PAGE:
No, he wouldn’t “die.” This was theater. He wrapped the word in gauze and tied it with a ribbon pulled just a bit tight, so that it fainted like the heroine of a melodrama.
Presley’s deepest musical roots were gospel. He and his mother sometimes went to church twice a day for the music and excitement. When Presley jammed after concerts or at home with friends, he always favored old-time gospel tunes. But in most of his gospel recordings, he buried his vocals beneath juggernaut choirs and boisterous production values—his voice like a jewel sunk in soapsuds.
I want you, I need you, I love you
with all my heart.
Crisp pronunciation of “t.” This was taught to him. No singer does this naturally.
Weh-heh-ell, I thought (doo-wah!)
I could live (doo-wah!)
without romance (doo-wah!—doo-wah!)
A dirty mock laugh opens this reprise. He’s taking more and more chances and liberties toward the end of the song, getting playful, letting irony creep in. And a chill.
The “doo-wahs” were sung by gospel singers Ben and Brock Speer of the Speer Family, plus Gordon Stoker, one of the gospel-singing Jordanaires. Presley was supposed to be recording with a quartet, not a trio, and later Stoker would complain, “It was the worst sound on any of Elvis’s records.” But the trio does not sound bad. Their presence gives the recording a little warmth and a burnish—a halo. And the “doo-wahs” finally give the whole game away: This isn’t a love song aimed at any one girl, or at girls in general. Presley isn’t expressing deep feelings. This is a showcase—a peacock’s display—of vocal acrobatics. It’s fun. He embroiders this tune, plays with it, tugs its earlobe, gets everything out of it he can get for himself.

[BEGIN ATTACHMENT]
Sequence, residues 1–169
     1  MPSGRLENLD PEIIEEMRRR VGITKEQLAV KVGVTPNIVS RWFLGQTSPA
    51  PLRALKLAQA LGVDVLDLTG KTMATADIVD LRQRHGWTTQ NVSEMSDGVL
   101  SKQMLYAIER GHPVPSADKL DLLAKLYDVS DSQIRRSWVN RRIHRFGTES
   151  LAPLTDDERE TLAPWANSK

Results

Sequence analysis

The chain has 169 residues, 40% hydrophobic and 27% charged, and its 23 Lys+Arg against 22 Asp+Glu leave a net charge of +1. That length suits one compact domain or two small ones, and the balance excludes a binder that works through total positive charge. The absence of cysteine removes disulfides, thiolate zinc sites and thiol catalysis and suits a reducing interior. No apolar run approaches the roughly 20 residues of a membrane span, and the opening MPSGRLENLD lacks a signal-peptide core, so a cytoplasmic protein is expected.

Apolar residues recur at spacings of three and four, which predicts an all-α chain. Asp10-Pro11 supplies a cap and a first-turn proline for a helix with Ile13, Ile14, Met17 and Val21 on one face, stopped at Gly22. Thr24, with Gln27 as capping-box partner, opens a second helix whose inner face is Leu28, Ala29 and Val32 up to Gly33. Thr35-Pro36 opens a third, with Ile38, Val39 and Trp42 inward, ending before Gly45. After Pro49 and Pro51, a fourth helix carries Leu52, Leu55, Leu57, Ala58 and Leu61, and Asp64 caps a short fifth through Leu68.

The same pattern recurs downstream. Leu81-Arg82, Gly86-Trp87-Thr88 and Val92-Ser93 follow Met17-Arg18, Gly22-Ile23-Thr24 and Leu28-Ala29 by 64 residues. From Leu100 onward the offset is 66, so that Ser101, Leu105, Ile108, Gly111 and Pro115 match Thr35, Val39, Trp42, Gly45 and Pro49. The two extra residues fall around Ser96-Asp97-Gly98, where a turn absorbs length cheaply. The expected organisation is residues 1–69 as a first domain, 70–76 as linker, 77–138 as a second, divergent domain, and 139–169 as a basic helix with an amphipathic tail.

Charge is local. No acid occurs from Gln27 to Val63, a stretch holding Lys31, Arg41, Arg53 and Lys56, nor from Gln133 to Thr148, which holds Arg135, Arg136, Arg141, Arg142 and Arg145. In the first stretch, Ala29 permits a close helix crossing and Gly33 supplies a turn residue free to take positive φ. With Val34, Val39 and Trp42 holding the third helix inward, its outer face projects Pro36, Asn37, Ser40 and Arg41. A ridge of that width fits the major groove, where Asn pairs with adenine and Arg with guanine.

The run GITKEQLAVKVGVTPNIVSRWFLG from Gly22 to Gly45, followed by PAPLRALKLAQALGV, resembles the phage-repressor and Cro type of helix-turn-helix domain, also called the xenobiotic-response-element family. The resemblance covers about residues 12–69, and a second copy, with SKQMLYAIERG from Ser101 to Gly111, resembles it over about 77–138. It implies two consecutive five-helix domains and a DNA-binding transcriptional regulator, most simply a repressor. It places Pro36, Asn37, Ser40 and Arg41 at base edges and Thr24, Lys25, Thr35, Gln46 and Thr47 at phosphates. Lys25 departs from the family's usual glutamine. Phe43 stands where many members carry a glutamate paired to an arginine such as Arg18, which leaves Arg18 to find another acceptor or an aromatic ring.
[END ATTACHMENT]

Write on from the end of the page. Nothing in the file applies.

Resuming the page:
It’s passionate too, but the passion isn’t in the yearning lyrics or the singing. It’s in Presley’s desire, years of desire, to make good, to make records, to front musicians and background singers and face crowds of screaming fans, knowing that his voice is in command, and worthy.
Presley sang many songs that he liked, but also many, such as those from his movies, that he did not like, and only through pure professionalism did he give each recording—each one!—his inimitable luster. But he would eventually choose to record such a promiscuous number of love songs that it is hard not to think that at some point he did come to sing what he felt—what he felt for, or about, his fans. They were what he wanted, needed and loved; he once said he felt human only when performing. Periods of wavering or waning popularity paralleled his most dreadful musical choices. It was he who must have felt trapped “In the Ghetto” at the end of the 1960s. The “Suspicious Minds” of the same era were clearly his fans’ and his, and the song, with its eerie, spiritualized production, was like a spell cast in the hope of making up. Nineteen-seventy-two’s “Burning Love,” his final Top Ten hit (peaking at number two), was the last tribute his old fandom accepted from him. Although his concerts were packed, he could no longer win the kind of love he wanted.